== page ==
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LETTER TO THE EDITOR
Year : 2022  |  Volume : 20  |  Issue : 4  |  Page : 265-266

Marfan syndrome


Department of Medicine, SMS Medical College, Jaipur, Rajasthan, India

Date of Submission20-May-2022
Date of Decision23-Jun-2022
Date of Acceptance24-Jun-2022
Date of Web Publication17-Oct-2022

Correspondence Address:
Dr. Arihant Seth
Department of Medicine, SMS Medical College, Jaipur, Rajasthan
India
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Source of Support: None, Conflict of Interest: None


DOI: 10.4103/cmi.cmi_53_22

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How to cite this article:
Seth A, Mathur A, Mathur N, Pahadiya HR. Marfan syndrome. Curr Med Issues 2022;20:265-6

How to cite this URL:
Seth A, Mathur A, Mathur N, Pahadiya HR. Marfan syndrome. Curr Med Issues [serial online] 2022 [cited 2022 Dec 5];20:265-6. Available from: https://www.cmijournal.org/text.asp?2022/20/4/265/358644



A 34-year-old male presented with exertional breathlessness (New York Heart Association grade III) and palpitation due to chronic aortic insufficiency and bicuspid aortic valve in the past 6 months. He also had progressive diminution of vision. He denied a history of trauma. There was no history of similar illness in his family. On examination, he had elongated fingers. His arm span was 190 cm and his height was 178 cm. His thumb protrudes from the clenched fist “Thumb sign” or “Steinberg sign” [Figure 1]a. He could easily grip his wrist with overlapping of thumb and little finger of opposite hand “Wrist sign” or “Walker–Murdoch sign” [Figure 1]b. His uncorrected visual acuity was 6/18 in both eyes. Slit-lamp examination revealed temporosuperior subluxation of lenses with zonular deficiency in both eyes [Figure 1]c. Skin striae are noticed on the abdomen of the patients [Figure 1]d. The patient also had other features of Marfan syndrome, including a high-arched palate, pectus excavatum, crowding of teeth, and flat feet. Genetic testing was not done due to affordability issues.
Figure 1: Patient's thumb protrudes from the clenched fist “Thumb sign” or Steinberg sign” (a). He could easily grip his wrist with overlapping of thumb and little finger of opposite hand “Wrist sign” or “Walker–Murdoch sign” (b). Slit-lamp examination revealed temporosuperior subluxation of lenses with zonular deficiency in both eyes (c). Skin striae on the abdomen of the patients (d).

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Marfan syndrome is an uncommon, connective tissue disorder, inherited as autosomal dominant pattern, and characterized by loss of connective tissue. Few patients can have sporadic mutations. This results skeleton abnormalities which include long and slender fingers (arachnodactyly) and extremities with hypermobile joints, dislocation of lenses, and cardiovascular abnormalities.[1],[2] Aortic root dilatation with or without dissection, aortic insufficiency, bicuspid aortic valve, mitral valve prolapse, and mitral regurgitation are common cardiac problems. The subluxation of lenses may subclinical and are usually bilateral. Cataract, retinal detachment, or glaucoma can develop. Skin striae in Marfan syndrome are common at sites subjected to stress such as the shoulder, hip, buttock, abdomen, and back. Other common features of Marfan syndrome, includes ductal ectasia, high-arched palate, pectus excavatum, pectus carinatum, scoliosis, crowding of teeth, pes planus, and pneumothorax. Slit-lamp examination and echocardiography should be done in all suspected cases of Marfan syndrome. The diagnosis is done with the help of international Ghent standard criteria. “Seven signs” of Marfan may be used for screening purpose, which assign 4 points to ectopia lentis, 2 to family history of Marfan syndrome, and 1 point to previous thoracic surgery, to wrist and thumb sign, to previous pneumothorax, to skin striae, and to pectus excavatum. The pretest probability of Marfan syndrome is classified as follows; low (≤1 point), moderate (1–3.5 points), and high (≥3.5 points).[3],[4] Multidisciplinary surgical approach of cardiac valves, bracing or surgeries of scoliosis, and vitreoretinal and cataract surgeries have been used successfully in many patients. Aortic root dilation (>4.5 cm) may be delayed with the use of beta-blocker, or angiotensin II receptor blocker. Social and psychological support and regular follow-up are required.[1],[2],[3],[4]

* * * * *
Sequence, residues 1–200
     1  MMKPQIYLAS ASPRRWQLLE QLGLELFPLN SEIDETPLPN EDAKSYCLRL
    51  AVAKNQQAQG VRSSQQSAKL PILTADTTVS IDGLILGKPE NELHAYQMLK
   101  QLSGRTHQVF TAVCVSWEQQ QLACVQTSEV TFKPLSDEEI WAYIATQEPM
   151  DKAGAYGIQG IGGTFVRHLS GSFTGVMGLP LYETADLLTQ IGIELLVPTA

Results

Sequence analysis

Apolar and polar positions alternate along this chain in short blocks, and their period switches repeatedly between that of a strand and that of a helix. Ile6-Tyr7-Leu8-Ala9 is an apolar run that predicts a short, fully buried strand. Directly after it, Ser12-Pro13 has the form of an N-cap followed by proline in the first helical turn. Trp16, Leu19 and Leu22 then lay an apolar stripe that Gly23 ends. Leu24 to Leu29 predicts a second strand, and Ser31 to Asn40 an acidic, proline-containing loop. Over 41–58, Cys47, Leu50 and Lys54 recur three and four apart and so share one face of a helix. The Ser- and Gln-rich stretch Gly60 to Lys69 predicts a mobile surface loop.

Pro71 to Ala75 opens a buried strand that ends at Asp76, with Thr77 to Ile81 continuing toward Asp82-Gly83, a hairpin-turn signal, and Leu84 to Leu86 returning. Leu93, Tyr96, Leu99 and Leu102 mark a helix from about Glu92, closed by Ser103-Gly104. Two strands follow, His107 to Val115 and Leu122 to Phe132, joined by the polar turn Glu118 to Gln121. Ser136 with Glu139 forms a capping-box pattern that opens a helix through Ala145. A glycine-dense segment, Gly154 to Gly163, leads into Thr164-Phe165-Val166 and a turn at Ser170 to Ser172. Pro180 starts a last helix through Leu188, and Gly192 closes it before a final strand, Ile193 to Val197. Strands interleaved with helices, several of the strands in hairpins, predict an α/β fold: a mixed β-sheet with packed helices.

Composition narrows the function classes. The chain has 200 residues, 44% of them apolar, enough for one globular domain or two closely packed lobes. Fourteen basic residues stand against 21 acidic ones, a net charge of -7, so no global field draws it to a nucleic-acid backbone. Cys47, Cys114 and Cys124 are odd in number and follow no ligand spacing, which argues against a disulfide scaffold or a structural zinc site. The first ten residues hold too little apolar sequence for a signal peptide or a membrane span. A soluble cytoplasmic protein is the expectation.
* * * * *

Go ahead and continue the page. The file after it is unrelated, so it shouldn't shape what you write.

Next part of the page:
Consent

Written informed consent was obtained from the patient for publication of this case report and any accompanying images.

Declaration of patient consent

The authors certify that they have obtained all appropriate patient consent forms. In the form, the patient has given his consent for his images and other clinical information to be reported in the journal. The patient understands that his name and initials will not be published and due efforts will be made to conceal his identity, but anonymity cannot be guaranteed.

Financial support and sponsorship

Nil.

Conflicts of interest

There are no conflicts of interest.



 
  References Top

1.
Prockop DJ, Bateman JF. Heritable disorders of connective tissue. In: Jameson J, Fauci AS, Kasper DL, Hauser SL, Longo DL, Loscalzo J, editors. Harrison's Principles of Internal Medicine. 20th ed. New York: McGraw Hill; 2018. p. 2975-6.  Back to cited text no. 1
    
2.
Pyeritz AE. The Marfan sndrome. Annu Rev Med 2000;51:481-510.  Back to cited text no. 2
    
3.
von Kodolitsch Y, Backer JD, Schuler H, Bannas P, Behzadi C, Bernhardt AM, et al. Perspective on the revised Ghent criteria for the diagnosis of Marfan syndrome. Appl Clin Genet 2015;8:137-55.  Back to cited text no. 3
    
4.
Sheikhzadeh S, Kusch ML, Rybczynski M, Kade C, Keyser B, Bernhardt AM, et al. A simple clinical model to estimate the probability of Marfan syndrome. QJM 2012;105:527-35.  Back to cited text no. 4
    


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